Aim: To determine the utility of the HACOR score in predicting weaning failure in resource-limited settings. Objectives: The primary objective was to determine a cut-off value of the HACOR score, sensitivity, and specificity to predict failed weaning. The secondary objective was to determine which out of five components of the score was significantly different between the successful weaning and the failed weaning groups. Introduction: Most weaning indices are either inaccurate or are dependent on complex ventilatory parameters, which are difficult to measure in resource-limited settings. This study aimed to determine the utility of the HACOR score consisting of heart rate, acidosis, consciousness level, oxygenation, and respiratory rate as a predictor of weaning in the intensive care unit. Materials and methods: It was a prospective observational study on 120 patients between 18 and 90 years. The HACOR score was evaluated at 30 minutes of spontaneous breathing trial (SBT). The total duration of SBT was 120 minutes. Results: Out of 120 patients, 83 (69.2%) had successful weaning, whereas 37 (30.8%) had weaning failure. The median and interquartile range (IQR) of the HACOR score in the successful weaning group was 2 (0–3) and 6 (5–8) in the failed weaning group (p-value <0.001). There was a significant difference in each of the five components of the HACOR score between the successful and failed weaning groups (p <0.05). HACOR score ≥5 predicted failed weaning, sensitivity 83.8%, specificity 96.4%, area under the curve (AUC) 0.950, and 95% confidence interval (CI) [0.907–0.993], p <0.001. Multivariable logistic regression analysis showed that HACOR score ≥5 is an independent predictor of weaning failure [p <0.001, 95% CI (1.9–4.2), adjusted odds ratio 2.82]. Conclusion: A HACOR score ≥5 is an excellent predictor of weaning failure. This score may be useful as a weaning strategy in the intensive care unit.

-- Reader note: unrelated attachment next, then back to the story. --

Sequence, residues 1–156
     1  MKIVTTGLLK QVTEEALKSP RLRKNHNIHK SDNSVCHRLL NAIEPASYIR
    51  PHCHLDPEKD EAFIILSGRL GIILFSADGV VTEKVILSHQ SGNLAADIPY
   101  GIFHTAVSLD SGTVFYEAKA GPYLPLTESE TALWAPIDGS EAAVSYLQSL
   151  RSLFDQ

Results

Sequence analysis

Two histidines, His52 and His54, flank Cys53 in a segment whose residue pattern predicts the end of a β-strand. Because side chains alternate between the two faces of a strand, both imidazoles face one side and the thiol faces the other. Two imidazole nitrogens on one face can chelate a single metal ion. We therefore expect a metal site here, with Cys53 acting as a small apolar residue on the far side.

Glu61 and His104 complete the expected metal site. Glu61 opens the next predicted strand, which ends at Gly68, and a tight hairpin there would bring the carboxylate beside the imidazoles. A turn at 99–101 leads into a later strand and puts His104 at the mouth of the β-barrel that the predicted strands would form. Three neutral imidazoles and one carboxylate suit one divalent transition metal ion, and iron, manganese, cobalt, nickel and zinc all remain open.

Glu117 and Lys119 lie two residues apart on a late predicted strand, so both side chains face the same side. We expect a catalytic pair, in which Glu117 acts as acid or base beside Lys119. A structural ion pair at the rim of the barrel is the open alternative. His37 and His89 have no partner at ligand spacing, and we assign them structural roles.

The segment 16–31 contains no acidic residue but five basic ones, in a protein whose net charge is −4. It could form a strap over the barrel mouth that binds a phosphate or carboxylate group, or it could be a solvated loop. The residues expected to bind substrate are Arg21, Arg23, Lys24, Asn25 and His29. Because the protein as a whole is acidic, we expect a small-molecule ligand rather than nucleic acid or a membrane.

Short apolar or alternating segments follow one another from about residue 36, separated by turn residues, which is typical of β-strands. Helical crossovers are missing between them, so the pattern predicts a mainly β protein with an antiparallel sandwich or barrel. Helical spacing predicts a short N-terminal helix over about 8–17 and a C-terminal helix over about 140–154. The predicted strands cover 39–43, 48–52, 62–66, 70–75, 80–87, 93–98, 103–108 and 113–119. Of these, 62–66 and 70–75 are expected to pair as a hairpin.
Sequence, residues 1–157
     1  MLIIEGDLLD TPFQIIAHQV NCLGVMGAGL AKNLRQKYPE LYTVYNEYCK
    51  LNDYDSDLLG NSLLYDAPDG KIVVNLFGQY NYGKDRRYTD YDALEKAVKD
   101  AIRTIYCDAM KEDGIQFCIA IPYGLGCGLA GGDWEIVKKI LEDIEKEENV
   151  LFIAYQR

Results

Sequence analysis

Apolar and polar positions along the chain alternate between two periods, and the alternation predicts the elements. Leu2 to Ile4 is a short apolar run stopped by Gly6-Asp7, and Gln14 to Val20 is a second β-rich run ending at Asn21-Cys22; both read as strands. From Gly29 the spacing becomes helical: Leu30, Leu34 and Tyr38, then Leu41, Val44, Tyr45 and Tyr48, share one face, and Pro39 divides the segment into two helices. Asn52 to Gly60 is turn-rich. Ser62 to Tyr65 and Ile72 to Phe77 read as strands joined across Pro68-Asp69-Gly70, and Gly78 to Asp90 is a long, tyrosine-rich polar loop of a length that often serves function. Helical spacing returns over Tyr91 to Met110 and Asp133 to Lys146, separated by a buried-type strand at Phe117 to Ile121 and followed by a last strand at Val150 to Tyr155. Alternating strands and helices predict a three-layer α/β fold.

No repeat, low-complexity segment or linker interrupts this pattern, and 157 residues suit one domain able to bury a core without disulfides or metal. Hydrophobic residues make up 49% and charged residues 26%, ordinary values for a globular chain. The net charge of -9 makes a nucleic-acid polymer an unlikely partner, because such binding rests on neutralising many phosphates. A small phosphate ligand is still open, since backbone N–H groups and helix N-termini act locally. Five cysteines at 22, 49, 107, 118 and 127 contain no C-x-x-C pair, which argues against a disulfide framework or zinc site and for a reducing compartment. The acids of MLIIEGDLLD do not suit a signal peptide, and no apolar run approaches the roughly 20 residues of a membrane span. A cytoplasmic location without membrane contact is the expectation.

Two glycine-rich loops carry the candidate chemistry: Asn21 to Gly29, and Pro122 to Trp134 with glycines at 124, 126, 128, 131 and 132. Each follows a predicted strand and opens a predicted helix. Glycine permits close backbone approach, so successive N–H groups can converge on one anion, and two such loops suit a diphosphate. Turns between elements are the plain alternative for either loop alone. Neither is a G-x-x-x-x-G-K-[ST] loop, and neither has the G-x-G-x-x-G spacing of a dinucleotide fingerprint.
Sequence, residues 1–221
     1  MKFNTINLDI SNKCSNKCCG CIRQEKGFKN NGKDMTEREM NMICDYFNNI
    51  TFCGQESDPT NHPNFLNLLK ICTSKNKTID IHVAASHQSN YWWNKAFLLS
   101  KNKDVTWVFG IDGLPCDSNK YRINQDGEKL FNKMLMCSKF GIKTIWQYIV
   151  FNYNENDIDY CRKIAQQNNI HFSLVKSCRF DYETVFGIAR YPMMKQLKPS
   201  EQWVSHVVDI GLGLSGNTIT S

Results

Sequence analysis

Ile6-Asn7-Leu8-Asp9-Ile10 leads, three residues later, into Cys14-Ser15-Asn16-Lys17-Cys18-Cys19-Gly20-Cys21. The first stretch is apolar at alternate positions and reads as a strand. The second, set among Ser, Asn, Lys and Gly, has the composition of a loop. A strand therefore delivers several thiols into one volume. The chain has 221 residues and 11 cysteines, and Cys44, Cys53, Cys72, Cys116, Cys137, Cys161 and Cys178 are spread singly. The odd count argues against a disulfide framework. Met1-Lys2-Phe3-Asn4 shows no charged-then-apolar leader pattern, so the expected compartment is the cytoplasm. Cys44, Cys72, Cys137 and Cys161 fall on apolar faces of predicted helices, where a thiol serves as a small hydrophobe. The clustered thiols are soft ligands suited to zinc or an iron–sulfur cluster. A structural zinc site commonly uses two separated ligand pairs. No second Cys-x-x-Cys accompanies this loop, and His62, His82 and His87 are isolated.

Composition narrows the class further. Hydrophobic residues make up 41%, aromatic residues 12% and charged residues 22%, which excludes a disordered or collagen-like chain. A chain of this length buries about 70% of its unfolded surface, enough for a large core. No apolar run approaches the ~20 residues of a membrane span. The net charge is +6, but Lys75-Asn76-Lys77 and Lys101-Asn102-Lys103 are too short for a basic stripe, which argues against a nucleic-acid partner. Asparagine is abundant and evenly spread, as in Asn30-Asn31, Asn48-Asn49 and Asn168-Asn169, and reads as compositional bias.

All Science Journal Classification (ASJC) codes
- Critical Care and Intensive Care Medicine